Philadelphia was unique among major American cities in having both a Bell System company (officially, during most of the era in question, named The Bell Telephone Company of Pennsylvania, or Bell of Pennsylvania for short) and an independent company, the Keystone Telephone Company, until September 17, 1945. This site will cover both Bell and Keystone, but because Keystone was a rather small company with only 7 exchanges, the larger portion will be devoted to Bell exchanges. Like all telephone systems, the Philadelphia companies were manual in the early days. And like most major cities, when dial telephones were initially started, there was an early pattern, different from the two-letter one-digit exchange and four-digit line number that became standard in the 1950s. The Bell company serving Philadelphia was one of four cities (the others being New York City, Chicago, and Boston), where the early dial pattern was three letters for the exchange and four digits for the line number. ( Keystone, being much smaller, used a different pattern, with a single digit associated with each exchange, and the names being shown on the dial.)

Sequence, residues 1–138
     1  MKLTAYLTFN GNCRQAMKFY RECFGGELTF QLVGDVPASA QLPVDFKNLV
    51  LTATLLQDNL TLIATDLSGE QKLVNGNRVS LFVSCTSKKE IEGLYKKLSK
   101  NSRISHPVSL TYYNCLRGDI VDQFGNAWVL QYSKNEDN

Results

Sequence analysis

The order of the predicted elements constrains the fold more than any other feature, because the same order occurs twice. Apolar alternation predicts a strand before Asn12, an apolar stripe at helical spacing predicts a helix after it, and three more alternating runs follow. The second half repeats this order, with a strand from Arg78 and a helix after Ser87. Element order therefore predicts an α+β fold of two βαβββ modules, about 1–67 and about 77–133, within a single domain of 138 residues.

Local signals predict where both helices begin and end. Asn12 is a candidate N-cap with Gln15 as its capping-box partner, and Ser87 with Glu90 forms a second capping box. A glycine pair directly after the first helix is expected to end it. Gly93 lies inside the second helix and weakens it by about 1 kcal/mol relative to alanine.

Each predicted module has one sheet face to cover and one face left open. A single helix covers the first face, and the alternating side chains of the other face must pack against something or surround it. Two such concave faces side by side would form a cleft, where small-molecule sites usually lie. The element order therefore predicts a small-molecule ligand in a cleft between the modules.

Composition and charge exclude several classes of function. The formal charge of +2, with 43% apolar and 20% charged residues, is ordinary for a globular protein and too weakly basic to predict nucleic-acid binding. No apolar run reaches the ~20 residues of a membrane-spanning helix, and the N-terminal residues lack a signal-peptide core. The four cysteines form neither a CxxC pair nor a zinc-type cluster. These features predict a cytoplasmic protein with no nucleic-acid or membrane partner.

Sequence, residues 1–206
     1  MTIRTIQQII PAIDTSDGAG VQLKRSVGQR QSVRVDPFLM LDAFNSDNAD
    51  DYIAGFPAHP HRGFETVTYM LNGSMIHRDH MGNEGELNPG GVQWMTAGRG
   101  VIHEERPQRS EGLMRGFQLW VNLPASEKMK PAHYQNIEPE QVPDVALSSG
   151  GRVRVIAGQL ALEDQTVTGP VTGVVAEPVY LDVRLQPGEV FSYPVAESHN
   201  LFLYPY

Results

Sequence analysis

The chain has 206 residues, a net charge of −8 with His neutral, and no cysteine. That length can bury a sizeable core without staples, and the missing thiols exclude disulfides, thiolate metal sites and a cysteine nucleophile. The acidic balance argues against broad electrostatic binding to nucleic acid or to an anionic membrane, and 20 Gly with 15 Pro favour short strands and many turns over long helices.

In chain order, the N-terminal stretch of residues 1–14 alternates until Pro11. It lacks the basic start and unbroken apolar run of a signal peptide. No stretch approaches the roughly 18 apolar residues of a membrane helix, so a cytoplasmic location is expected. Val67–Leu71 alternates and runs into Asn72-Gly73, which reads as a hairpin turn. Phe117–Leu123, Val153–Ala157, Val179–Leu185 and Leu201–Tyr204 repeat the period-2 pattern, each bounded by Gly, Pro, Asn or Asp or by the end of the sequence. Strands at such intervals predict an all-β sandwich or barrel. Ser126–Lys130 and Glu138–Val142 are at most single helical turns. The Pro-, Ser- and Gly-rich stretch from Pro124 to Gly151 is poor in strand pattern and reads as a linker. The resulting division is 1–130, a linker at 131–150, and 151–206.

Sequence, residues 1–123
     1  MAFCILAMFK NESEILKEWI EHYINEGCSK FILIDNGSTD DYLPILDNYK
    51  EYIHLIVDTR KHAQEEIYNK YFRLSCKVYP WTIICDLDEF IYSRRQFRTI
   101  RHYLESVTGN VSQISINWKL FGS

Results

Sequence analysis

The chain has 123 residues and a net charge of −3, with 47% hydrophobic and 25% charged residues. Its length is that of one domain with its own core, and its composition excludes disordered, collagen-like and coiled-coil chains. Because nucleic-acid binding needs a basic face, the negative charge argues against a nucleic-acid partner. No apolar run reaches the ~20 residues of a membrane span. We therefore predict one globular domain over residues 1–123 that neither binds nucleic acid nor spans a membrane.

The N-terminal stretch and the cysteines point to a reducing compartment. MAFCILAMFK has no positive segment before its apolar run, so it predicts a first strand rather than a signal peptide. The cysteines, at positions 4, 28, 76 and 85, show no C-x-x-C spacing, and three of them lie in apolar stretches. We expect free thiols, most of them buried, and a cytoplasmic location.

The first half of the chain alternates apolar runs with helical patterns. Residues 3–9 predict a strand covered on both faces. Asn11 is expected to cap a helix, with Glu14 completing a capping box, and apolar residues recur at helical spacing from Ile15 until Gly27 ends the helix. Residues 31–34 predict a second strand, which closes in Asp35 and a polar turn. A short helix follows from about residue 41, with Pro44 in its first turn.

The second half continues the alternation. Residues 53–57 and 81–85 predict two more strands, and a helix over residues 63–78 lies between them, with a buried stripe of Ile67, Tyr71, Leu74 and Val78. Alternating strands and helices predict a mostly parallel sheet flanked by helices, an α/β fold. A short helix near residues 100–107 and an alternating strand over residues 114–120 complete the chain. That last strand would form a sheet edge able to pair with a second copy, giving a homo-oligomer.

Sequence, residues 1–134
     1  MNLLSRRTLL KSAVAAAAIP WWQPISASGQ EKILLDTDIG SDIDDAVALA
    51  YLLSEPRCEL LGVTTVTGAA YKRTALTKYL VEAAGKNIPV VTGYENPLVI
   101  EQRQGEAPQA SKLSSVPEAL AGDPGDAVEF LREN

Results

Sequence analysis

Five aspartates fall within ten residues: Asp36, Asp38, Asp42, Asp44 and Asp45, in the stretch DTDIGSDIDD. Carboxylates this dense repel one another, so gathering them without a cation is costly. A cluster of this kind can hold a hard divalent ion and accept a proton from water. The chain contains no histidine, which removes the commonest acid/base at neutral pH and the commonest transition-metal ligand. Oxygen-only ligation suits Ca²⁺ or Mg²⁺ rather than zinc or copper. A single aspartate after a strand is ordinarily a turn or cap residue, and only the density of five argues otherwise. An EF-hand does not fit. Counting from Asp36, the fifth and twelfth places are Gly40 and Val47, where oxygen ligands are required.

So the history of the telephone exchange names used by Bell of Pennsylvania in Philadelphia, similarly to the history of the telephone exchange names in New York City, can be divided into three periods:
Information on the pre-dial era has not yet been acquired. This site, therefore,
provides data only on the two later periods.
|The Philadelphia metropolitan region and subdivisions:|
|The Philadelphia metropolitan region|
|Bell Telephone Company of Pennsylvania:|
|Philadelphia, Pa. (city)||Philadelphia, Pa. (inner suburban)||Outer parts of the 215 area|
|Early dial period||Late dial period||Early dial period||Late dial period|
|Philadelphia (Keystone) data:|
|Keystone Telephone Company exchanges|
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Last modified August 27, 2015.